Which Joe gave his name to ‘sloppy joes’? We look at five interesting sandwiches and their lexical origins.
1A resinous dwarf shrub of the goosefoot family, which yields hard yellow wood used chiefly for fuel. It grows in dry areas of the western US and is toxic to livestock if eaten in large quantities.
- ‘A tiny fire of dead greasewood branches warms my hands and perfumes the air with pungent woodsmoke.’
- ‘Alkaline flat Trees are absent in the salty flats that surround the lake, but two shrubs, greasewood and rabbit-brush, are common.’
- ‘In addition, they could swim the roughest rivers, pack heavy equipment, and browse on greasewood or thorny brush that other animals could not eat.’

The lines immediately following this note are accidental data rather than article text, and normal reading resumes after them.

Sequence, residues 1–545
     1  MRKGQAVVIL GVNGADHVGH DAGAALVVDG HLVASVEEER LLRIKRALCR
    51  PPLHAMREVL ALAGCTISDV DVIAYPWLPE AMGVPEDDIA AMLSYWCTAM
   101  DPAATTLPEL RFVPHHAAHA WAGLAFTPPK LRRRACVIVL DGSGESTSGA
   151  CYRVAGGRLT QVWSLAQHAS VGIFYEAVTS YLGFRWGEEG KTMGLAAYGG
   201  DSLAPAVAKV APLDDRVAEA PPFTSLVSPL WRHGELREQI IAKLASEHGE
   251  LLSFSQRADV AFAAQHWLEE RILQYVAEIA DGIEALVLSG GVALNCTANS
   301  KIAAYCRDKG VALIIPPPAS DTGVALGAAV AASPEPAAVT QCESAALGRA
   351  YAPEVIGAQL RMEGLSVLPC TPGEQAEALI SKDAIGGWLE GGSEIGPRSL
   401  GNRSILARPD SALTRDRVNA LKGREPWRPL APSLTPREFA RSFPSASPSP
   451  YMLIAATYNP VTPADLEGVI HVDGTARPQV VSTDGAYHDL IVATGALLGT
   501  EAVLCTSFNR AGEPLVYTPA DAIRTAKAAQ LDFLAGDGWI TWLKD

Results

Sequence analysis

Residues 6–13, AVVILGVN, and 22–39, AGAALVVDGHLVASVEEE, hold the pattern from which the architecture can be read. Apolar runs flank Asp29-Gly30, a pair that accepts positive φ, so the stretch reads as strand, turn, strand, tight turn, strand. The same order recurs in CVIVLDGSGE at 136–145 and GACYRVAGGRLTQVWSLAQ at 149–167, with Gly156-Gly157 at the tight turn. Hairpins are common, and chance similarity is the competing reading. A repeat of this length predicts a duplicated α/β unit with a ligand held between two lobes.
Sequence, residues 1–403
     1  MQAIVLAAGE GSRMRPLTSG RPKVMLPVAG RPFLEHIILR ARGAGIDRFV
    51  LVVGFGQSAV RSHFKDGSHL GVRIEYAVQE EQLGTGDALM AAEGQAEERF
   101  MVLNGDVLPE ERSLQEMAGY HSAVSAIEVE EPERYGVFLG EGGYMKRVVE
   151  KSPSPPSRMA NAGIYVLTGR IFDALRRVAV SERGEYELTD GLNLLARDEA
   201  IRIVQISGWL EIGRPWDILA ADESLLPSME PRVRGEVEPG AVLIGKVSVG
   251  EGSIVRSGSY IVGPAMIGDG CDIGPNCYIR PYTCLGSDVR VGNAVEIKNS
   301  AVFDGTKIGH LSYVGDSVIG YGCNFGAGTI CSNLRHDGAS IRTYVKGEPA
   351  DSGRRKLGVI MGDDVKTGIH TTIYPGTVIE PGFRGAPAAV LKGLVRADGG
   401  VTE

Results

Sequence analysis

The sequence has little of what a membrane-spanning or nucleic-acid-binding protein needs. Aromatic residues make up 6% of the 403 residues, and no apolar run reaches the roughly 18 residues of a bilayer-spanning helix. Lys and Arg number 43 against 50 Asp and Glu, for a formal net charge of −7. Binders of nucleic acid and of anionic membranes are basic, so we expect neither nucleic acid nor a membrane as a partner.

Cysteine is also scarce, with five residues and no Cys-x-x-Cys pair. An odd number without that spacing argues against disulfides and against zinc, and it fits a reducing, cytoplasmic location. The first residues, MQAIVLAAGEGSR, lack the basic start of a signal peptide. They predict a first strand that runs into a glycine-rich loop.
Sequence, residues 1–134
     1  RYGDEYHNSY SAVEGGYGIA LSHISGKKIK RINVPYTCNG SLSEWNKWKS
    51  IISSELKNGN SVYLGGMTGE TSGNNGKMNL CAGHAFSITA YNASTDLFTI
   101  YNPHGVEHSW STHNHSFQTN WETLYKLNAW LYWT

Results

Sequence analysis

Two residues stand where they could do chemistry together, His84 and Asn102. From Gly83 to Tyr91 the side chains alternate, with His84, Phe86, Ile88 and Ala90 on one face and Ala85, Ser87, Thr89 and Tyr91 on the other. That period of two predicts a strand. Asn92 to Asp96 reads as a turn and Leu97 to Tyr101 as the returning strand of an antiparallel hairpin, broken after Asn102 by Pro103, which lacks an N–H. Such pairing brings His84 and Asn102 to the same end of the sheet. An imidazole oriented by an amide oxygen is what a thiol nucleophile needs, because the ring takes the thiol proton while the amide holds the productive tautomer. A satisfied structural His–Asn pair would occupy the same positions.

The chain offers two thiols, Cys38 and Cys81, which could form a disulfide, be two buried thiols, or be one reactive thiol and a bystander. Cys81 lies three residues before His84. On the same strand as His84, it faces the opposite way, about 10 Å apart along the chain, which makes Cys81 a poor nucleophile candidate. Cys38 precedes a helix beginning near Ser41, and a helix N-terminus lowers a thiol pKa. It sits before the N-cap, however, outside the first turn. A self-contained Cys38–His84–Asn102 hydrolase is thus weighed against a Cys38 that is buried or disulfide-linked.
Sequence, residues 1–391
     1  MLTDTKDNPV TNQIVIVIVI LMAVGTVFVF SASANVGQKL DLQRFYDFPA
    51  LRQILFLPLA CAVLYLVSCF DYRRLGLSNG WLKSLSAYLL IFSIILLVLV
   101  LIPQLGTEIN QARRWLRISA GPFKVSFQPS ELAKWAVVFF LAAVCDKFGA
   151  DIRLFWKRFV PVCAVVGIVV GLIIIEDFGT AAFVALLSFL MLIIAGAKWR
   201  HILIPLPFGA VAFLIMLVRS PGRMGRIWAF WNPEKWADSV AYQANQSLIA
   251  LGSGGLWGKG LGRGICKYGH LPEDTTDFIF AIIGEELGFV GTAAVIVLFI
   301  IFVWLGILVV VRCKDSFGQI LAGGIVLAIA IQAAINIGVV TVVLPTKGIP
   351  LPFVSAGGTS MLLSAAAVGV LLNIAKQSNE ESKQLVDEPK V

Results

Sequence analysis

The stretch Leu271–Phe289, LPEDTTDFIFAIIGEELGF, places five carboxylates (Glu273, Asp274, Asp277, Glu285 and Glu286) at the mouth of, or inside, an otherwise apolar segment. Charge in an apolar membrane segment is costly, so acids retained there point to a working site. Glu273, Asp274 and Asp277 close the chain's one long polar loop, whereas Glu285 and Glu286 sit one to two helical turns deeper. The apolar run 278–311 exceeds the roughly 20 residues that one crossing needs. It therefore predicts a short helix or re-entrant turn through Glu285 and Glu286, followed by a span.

- ‘Every few yards there was a charred greasewood bush.’
- ‘Juniper, pinion, greasewood, Mormon tea, and scrubby brush grow sparingly on the rocky terrain.’
2another term for chamise
We take a look at several popular, though confusing, punctuation marks.
From Afghanistan to Zimbabwe, discover surprising and intriguing language facts from around the globe.
The definitions of ‘buddy’ and ‘bro’ in the OED have recently been revised. We explore their history and increase in popularity.